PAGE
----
Although Kazantzakis published a number of his novels in French, his most celebrated works were composed in the colloquial language of the Cretan working classes. Zorba the Greek, his best-known novel, was written on the island of Aegina, between 1941 and 1943. It was made into a popular and highly successful movie and inspired the Broadway musical by Joseph Stein, John Kander, and Fred Ebb. The story focuses on the relationship of a writer and intellectual, modelled on Kazantzakis, and an uneducated man, Zorba, who drinks, works, loves and lives like a force of nature. His character has been seen as the personification of Henri Bergson's ideas of élan vital. He doesn't care about books, he values more experience and understanding than scholarly learning. The narrator meets Alexis Zorba in Pireus. He plans to reopen on the island of Crete an abandoned mine and Zorba becomes his foreman. Kazantzakis weaves the narrator's childhood memories and thoughts against the life and teaching of Zorbas. After a series of tragedies, failures and small victories, the narrator leaves Crete, but asks his friend to teach him to dance. "How simple and frugal a thing is happiness: a glass of wine, a roast chestnut, a wretched little brazier, the sound of the sea." (from Zorba the Greek)
Freedom or Death was based on the Cretan revolt of
1889, one of the final rebellions against Turkish rule. One of the
central characters is Captain Mikalis, who chooses rebellion instead of
love, and dies in the middle of his cry, "Freedom or..." Kazantzakis
shows also understanding of the Turkish culture in the character of
Nuri bei, who commits suicide. The Greek Passion was story
about a group of villagers under Turkish domination, who re-enact the
Passion. The Last Temptation of Christ explored the theme of
the battle between spirit and flesh. The book was banned by Vatican in
1954 and in 1955 Kazantzakis was excommunicated from the Greek Orthodox
Church. The members of the Orthodox Church of America damned the work
as extremely indecent and atheistic, after admitting that they hadn't
read it and had based their case on the magazine articles. Kazantzakis
presented Christ as an existential hero, a rebel against his divine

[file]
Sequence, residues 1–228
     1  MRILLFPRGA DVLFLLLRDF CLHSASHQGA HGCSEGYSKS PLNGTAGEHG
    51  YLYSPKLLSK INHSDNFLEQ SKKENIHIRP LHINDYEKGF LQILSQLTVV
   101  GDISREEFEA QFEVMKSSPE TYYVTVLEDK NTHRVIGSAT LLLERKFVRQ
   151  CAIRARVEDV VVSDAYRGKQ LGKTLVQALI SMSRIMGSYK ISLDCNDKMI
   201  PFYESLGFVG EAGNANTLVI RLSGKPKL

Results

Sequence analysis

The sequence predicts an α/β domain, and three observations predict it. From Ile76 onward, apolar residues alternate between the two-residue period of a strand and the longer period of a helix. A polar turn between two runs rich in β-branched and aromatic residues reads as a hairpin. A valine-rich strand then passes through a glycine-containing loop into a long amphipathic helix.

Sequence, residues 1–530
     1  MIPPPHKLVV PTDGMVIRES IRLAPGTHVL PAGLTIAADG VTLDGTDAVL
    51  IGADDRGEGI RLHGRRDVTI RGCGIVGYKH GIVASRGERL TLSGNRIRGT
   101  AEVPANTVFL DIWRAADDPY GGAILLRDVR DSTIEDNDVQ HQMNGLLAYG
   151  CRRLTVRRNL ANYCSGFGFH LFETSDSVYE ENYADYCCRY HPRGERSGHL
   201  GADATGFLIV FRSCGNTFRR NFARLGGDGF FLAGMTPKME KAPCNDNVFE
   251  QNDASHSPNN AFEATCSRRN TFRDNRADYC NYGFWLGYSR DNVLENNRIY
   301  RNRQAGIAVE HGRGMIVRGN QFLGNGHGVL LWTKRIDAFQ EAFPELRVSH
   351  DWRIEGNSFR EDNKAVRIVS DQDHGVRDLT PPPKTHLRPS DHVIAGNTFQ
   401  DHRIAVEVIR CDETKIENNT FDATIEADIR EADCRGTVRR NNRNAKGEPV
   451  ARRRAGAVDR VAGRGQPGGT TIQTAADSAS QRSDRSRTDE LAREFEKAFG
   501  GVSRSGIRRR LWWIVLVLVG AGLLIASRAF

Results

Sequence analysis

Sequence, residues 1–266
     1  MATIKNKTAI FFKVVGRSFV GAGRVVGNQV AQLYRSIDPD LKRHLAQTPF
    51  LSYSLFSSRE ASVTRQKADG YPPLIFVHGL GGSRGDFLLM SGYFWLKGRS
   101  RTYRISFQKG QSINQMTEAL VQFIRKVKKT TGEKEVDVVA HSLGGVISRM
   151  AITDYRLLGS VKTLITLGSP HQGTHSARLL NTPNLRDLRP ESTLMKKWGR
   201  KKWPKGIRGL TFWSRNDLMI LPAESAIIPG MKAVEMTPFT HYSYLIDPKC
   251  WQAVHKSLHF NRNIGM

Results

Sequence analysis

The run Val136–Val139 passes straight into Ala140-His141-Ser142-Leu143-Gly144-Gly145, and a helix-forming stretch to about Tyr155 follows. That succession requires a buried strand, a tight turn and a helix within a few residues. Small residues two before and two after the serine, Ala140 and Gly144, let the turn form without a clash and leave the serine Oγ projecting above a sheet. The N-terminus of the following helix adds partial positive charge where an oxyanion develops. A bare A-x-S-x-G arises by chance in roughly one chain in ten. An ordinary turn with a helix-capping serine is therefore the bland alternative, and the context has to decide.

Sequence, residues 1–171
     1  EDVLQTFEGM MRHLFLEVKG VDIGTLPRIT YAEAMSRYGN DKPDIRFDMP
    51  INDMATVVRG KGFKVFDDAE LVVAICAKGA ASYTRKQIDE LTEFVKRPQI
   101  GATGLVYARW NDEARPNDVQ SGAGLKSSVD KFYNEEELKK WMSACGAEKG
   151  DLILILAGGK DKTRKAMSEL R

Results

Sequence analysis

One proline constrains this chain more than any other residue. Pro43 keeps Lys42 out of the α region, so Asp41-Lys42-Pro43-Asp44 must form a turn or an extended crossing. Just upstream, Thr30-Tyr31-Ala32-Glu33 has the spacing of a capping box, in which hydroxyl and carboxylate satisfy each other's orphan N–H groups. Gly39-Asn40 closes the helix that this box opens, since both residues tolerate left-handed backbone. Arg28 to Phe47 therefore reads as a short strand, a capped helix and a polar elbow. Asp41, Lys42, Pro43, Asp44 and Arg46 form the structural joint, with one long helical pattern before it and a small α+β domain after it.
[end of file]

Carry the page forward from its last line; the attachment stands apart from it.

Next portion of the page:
mission until he is awakened by Judas, whom he calls his brother. Judas
tries to same in Jerusalem, but his heroic struggle against God ends in
failure. Martin Scorsese's film adaption from 1988 boosted the sale of
Kazantzakis's major work was the enormous poetic work Odyssey: A Modern Sequel, 33 333 lines long, which he wrote seven
times and published in 1938. The poem manifested the
author's deep knowledge of modern archeological and anthropological
discoveries. Some critics accused the author of being too
revolutionary in vocabulary and diction.
Kazantzakis himself emphasized that the work was a synthesis of two
forms of thought, which had created the ancient Greek civilization: the
Apollonian, representing contemplation and order, and the dark
Dionysian underground stream, the expression of the elan vital. "Crete, for me . . . is the synthesis which I always pursue, the synthesis of Greece and the Orient," he said.
For further reading: Nikos Kazantzakis and His Odyssey by P. Prevelakis (1961); Nikos Kazantzakis by H. Kazantzakis (1968); Nikos Kazantzakis: La vie, son oeuvre by C. Janiaud-Lust (1970); Kazantzakis and the Linguistic Revolution in Greek Literature by P. Bien (1972); Nikos Kazantzakis by P. Bien (1972); Nietzsche and Kazantzakis by B.T. McDonough (1978); The Spiritual Odyssey of Nikos Kazantzakis, ed. by K. Friar (1979); The Cretan Glance by M.P. Levitt (1980); Tormented by Happiness by P. Bien (1982); Kazantzakis: Politics of the Spirit by P. Bien (1988); The Last Temptation of Hollywood by L.W. Poland (1988); God's Struggler, ed. by Darren Middleton and Peter Bien (1996); Kazantzakis and God by Daniel A. Dombrowski (1997); Creative Destruction: Nikos Kazantzakis and the Literature of Responsibility by Lewis Owens (2002); Kazantzakis: Politics of the Spirit by Peter Bien (2006)